Legendaries: The ‘Special Snowflake’ Paradigm and MoP

Apologies for the gap in between posts, but I’ve been quite busy working on a number of projects (only some of which are WoW related!) over the past few days. In a fortuitous (and sure to be temporary) turn of events however, I find myself with some spare time this evening!

The topic of legendary items has been at the back of my mind for quite some time, especially given the way in which the legendary experience has turned out in Mists of Pandaria.
Let’s start at the very beginning: What is a legendary item in World of Warcraft? The simplest definition comes from Wowpedia: “Legendary quality is currently the highest level of item available to players, above Epic“. While an even higher quality of items known as “Artifacts” does exist, these items are inaccessible to the playerbase and generally seem to be tailored towards GM-testing purposes, more than anything else.

Unsurprisingly, Legendary items have occupied a unique niche in the mindset of the playerbase. Up until this expansion, the process of acquiring a legendary usually meant at least one of several things:

-You were extremely lucky.
-You belonged to a guild that raided the type of content where the legendary item could be acquired.
-You were among a handful of players, if not the only one working on the legendary.
-Assuming even semi-competent play, the legendary usually meant an extreme performance boost for your role; whether it were damage dealing, healing or, when it was still relevant, threat generation.

Mists of Pandaria presented a pretty big departure from all but the final point that I made above. Below, I go over two of the major themes that accompanied the MoP legendary questline, along with a personal analysis of their positives and negatives:

-Rather than a single tier of content, the questline spanned the entire expansion.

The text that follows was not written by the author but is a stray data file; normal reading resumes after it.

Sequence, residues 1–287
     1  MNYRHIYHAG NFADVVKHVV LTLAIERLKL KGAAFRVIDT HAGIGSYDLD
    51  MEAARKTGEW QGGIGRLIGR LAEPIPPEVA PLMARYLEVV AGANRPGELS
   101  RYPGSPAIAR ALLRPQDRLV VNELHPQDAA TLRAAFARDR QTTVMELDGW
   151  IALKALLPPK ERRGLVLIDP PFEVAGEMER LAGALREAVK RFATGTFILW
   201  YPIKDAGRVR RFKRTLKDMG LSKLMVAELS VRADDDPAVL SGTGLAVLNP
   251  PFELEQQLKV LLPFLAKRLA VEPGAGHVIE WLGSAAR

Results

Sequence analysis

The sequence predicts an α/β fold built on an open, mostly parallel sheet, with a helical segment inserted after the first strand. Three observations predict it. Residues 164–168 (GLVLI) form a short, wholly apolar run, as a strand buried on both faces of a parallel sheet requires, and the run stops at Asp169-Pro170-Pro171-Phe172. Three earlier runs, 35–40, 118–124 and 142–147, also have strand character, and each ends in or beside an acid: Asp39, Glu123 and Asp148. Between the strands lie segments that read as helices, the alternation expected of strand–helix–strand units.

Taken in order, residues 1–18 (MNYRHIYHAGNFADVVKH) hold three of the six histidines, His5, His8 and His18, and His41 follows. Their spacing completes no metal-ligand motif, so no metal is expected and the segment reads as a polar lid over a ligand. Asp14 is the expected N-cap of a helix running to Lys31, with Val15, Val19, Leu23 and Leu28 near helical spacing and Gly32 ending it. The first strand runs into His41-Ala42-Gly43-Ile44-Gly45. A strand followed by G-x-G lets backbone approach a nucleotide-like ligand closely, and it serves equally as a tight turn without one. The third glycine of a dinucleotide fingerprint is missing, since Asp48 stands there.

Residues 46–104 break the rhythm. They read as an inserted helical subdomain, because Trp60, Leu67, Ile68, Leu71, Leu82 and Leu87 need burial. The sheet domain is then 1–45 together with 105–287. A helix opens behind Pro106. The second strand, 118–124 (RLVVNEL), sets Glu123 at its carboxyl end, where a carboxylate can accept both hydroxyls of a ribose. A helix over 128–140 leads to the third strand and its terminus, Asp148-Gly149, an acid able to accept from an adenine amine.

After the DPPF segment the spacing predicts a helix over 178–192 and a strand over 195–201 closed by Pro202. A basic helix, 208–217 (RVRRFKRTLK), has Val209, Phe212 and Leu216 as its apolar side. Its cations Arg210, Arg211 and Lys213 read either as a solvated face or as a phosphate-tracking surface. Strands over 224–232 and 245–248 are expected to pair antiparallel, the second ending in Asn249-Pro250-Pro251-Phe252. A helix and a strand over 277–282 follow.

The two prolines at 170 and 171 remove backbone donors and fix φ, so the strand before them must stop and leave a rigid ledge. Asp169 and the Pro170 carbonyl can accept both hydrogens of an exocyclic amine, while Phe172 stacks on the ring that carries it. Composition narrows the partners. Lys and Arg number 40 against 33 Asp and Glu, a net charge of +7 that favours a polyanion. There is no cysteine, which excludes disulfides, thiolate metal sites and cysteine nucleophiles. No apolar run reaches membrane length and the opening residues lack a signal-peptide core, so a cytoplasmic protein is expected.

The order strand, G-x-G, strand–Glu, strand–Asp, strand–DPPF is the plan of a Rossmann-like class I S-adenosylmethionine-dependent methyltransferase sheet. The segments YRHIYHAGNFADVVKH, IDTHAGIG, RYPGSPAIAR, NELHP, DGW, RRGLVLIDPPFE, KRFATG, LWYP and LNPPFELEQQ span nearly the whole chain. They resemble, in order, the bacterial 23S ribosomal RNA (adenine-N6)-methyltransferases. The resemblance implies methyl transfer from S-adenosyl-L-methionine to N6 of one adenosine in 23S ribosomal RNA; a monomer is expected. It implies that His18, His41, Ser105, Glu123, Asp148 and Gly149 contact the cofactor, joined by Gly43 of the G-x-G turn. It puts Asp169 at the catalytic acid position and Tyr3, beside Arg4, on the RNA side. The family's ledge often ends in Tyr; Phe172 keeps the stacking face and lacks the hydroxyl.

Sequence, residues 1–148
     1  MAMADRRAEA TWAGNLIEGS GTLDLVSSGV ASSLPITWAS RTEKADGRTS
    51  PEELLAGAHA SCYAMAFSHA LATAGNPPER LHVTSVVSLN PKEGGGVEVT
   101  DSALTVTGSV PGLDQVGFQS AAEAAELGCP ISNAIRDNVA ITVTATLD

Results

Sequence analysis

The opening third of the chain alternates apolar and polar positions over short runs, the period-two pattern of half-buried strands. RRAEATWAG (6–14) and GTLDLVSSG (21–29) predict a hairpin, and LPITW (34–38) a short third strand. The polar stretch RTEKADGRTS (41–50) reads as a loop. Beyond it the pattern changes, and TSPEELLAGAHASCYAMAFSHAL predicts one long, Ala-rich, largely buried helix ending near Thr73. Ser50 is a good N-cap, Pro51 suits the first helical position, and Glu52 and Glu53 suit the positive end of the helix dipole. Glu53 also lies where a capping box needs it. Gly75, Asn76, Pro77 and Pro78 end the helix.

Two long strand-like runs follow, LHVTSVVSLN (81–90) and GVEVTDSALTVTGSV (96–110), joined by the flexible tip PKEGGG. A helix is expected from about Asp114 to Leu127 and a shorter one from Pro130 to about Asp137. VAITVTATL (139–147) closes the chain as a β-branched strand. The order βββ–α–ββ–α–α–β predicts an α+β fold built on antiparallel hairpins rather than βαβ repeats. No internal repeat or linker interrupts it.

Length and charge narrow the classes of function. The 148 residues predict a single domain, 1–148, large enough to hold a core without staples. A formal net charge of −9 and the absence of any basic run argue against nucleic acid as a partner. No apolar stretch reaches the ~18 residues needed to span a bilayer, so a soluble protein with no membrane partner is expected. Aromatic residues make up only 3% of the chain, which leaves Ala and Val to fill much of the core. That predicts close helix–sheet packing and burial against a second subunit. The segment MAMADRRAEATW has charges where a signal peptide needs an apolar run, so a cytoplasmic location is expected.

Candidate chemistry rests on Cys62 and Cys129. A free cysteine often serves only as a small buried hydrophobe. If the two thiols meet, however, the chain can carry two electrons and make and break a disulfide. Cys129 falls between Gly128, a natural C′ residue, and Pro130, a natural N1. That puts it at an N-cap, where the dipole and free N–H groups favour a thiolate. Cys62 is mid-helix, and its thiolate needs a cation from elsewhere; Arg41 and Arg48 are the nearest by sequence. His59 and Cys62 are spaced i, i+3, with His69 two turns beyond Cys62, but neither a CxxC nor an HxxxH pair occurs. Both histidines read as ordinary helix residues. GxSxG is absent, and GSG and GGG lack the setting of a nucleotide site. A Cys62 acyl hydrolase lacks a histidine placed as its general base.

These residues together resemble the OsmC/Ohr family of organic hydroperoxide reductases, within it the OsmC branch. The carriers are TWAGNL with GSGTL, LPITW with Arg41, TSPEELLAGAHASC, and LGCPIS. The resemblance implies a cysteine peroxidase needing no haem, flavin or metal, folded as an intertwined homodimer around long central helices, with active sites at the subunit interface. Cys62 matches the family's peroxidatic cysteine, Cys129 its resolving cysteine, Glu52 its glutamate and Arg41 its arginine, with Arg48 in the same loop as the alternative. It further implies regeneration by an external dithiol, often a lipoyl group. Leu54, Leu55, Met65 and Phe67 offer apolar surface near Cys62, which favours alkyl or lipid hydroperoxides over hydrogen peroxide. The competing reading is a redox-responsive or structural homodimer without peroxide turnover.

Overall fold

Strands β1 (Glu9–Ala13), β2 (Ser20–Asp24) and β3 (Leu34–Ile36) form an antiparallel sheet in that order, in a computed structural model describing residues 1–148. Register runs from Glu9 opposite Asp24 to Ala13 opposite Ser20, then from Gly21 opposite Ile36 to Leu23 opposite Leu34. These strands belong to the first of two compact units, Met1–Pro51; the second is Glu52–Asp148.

Positives:

*Spanning the entire expansion meant that the MoP legendary became a solid time investment, rather than a simple matter of drop luck. Playing consistently through every content patch meant the guarantee of a reward eventually.

*Because the actual legendary reward was split into components, there was a “reward” element present in every content patch. We progressed from Sha-Touched Gems, to extra weapon sockets, then to legendary meta gems, on to powerful epic cloaks, and finally to the legendary versions of these cloaks.
While it is certainly a legitimate criticism to state that having some of these “early components” become outdated felt as if it ran contrary to the spirit of what legendary items are supposed to be, I would also remind readers that this would have meant having that much more gear customisation to take care of every time we received an upgrade.

*While drop RNG still played a somewhat annoying role this expansion (most notably in the form of Secrets of the Empire, and the even rare Titan Runestones), it was nowhere near as extreme as previous questlines where a single drop determined whether a player could even begin their legendary questline.

Negatives:

*The questline is a terrible experience for any alt attempting to acquire a legendary cloak this patch. While it may have felt well-paced and appropriately measured over the course of 12 months, compressing that into a few week’s worth of play sours that experience. If anything, it emphasises the frustrating, RNG-dependent elements of the questline more than ever.
Even with the implementation of “catch-up” mechanics (i.e. more bosses now drop required items, certain quest requirements become considerably easier), there is a definite grind that forces a player to run through all of Tier 14 and 15 content in some form, often for weeks on end. It would also be silly to try and argue that the cloaks or meta-gem are optional: The delta of performance difference between characters with either component versus characters without them is too large to ignore for any alt desiring to raid Siege of Orgrimmar.